Friday, March 20, 2009

News from Los Alamos National Laboratory for March 20

Map of Knowledge

A new map of knowledge based on electronic data searches. LANL image.

A new map of knowledge has been assembled by scientists at the research library of the Los Alamos National Laboratory.

It is based on electronic data searches in which users moved from one journal to another, thus establishing associations between them. Map your way to the
New York Times story here.

Labs' Staff Called 'Key to Our Future'

he head of the nation's nuclear weapons program told Congress on Tuesday that the national laboratories can operate "a smaller, safer, more secure" stockpile, but that scientists with increasingly rare skills should not be placed on the budget chopping block. Read the
story here. A subscription may be required.

Lab safety officer honored

he Chief Electrical Safety Officer of Los Alamos National Laboratory has won high national recognition for outstanding leadership in electrical safety.
Lloyd Gordon is an experimental researcher in high-energy, pulsed power engineering and plasma physics.

Among his many contributions in his parallel career as a national authority in the field of electrical safety, Gordon has developed a measuring stick for comparing the severity of electrical accidents. Safely read the
story here.

High-temperature superconducting explained?

The newest high-temperature superconducting material is a metal called iron pnictides with alternating layers of iron and arsenic. Illustration from EE Times.

Superconductors transport electrons with zero resistance by synchronizing their movement through changes in the internal structure of materials. Hence, no physical collisions occur.

The key to high-temperature superconductors, according to the new theory, is their different "quantum phases," which are similar to the difference between solids and liquids, according to researchers from Rice University, Rutgers University, Zhejiang University and the Los Alamos National Laboratory. Show no resistance to the story here.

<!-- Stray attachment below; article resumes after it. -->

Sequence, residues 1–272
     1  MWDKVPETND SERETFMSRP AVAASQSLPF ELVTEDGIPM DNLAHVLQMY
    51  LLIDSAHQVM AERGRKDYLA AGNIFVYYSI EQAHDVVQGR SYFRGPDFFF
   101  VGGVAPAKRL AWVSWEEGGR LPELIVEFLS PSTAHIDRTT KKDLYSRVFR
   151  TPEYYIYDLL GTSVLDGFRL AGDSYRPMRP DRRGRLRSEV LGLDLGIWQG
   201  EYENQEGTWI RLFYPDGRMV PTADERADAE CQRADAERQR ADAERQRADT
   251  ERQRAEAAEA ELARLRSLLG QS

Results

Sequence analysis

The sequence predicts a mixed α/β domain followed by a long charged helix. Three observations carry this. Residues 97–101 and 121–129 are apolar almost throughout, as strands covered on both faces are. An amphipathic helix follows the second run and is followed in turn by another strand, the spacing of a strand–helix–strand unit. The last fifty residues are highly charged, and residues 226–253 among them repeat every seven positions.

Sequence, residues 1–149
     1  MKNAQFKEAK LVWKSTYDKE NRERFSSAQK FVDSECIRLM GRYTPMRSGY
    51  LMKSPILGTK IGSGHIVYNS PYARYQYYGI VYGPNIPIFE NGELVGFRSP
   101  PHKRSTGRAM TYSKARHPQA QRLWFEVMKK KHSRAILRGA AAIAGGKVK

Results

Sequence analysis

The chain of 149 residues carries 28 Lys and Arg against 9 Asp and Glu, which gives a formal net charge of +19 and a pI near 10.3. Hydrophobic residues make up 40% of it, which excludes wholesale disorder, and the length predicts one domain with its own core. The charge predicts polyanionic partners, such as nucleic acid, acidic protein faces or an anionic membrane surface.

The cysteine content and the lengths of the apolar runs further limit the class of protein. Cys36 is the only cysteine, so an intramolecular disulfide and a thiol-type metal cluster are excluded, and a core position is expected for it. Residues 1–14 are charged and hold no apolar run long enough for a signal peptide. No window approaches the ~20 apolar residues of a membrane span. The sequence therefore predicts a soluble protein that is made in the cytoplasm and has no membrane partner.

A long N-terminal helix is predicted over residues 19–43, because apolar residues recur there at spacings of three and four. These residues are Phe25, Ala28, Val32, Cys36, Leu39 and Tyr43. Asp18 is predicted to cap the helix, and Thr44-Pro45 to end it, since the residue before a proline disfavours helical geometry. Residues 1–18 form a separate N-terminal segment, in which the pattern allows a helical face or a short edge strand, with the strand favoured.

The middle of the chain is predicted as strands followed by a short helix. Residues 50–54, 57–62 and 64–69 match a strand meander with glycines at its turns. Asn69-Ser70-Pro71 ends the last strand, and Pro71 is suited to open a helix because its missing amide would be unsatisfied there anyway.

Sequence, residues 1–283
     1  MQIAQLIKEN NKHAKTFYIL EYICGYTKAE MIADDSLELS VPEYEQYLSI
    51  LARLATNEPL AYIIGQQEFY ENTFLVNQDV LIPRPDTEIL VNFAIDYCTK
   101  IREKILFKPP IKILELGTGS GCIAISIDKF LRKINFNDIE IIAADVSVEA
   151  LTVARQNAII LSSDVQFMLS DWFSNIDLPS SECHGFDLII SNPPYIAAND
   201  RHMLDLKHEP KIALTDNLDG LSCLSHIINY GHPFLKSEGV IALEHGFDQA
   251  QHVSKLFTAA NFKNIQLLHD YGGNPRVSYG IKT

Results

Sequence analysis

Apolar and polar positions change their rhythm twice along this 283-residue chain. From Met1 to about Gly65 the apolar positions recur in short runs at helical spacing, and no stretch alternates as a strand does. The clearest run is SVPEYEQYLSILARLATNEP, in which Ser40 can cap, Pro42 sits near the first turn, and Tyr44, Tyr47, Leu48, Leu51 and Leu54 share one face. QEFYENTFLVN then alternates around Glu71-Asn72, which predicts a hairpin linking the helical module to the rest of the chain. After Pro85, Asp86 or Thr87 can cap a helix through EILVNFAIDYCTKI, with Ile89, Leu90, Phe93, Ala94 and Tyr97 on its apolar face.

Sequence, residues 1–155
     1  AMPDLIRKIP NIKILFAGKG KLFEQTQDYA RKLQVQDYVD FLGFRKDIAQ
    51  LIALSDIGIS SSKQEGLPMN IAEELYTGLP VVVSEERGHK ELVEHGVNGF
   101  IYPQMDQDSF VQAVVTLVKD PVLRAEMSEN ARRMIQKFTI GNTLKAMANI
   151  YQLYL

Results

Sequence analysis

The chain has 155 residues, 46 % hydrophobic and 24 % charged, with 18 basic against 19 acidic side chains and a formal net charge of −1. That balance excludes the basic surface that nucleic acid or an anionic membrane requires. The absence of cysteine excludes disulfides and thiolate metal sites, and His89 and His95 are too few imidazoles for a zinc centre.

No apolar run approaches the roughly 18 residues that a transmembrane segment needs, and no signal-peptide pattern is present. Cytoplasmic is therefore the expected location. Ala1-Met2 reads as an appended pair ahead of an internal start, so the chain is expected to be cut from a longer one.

Cornering the Terahertz Gap

A material made up of micrometer-sized structures, each formed to function as both an electric and magnetic dipole, is shown up close. Image from Science News.

In April 2008, collaborators from Boston University and Los Alamos National Laboratory in New Mexico published work in Nature Photonics that showed how nonchiral, semiconducting, split-ring resonator metamaterials could interact with light to absorb and reemit T-rays.

Link Reporting online in the same journal on February 22, the team showed that its latest version of a hybrid structure of metallic split-ring resonators could allow increasingly precise manipulation of terahertz radiation. Fill in the story gap here.

Structure of enzyme against chemical warfare agents determined

The LANSCE facility at Los Alamos, home of the Lujan Neutron Scattering Center. LANL photo.

A detailed understanding of the mechanism by which enzymes catalyze chemical reactions is necessary for efforts aiming to improve their properties.

A group of researchers at the University of Frankfurt, the Bundeswehr Institute for Pharmacology and Toxicology in Munich, and Los Alamos National Laboratory in New Mexico, USA, have successfully determined the structure of DFPase using neutron diffraction.
Read about it here.

Shifting sound to light may lead to better computer chips

A plasma is generated by a laser pulse similar to how sound is converted to light. LLNL image.

y reversing a process that converts electrical signals into sounds heard out of a cell phone, researchers may have a new tool to enhance the way computer chips, LEDs and transistors are built.

To do it, lead researchers Michael Armstrong, Evan Reed and Mike Howard, LLNL colleagues, and collaborators from Los Alamos National Laboratory and Nitronex Corp., used a very high frequency sound wave - about 100 million times higher frequency than what humans can hear - to generate light. Convert this story into
full text here.

Forum Highlights Needed U.S. Actions To Fight Cyberwar

A consortium of IT companies called the Secure Enterprise Network Consortium (SEN-C) formed in October "to help the United States address its cyber security needs," and Tuesday's forum was its first public event. SEN-C's members are Accenture, CA, Cisco, Sun Microsystems and the Energy Department's Los Alamos National Laboratory. SEN-C the story here.

To subscribe to Los Alamos Report, please e-mail and include the words subscribe los alamosreport in the body of your email message; to unscubscribe, include unsubscribe losalamosreport.

Please visit us at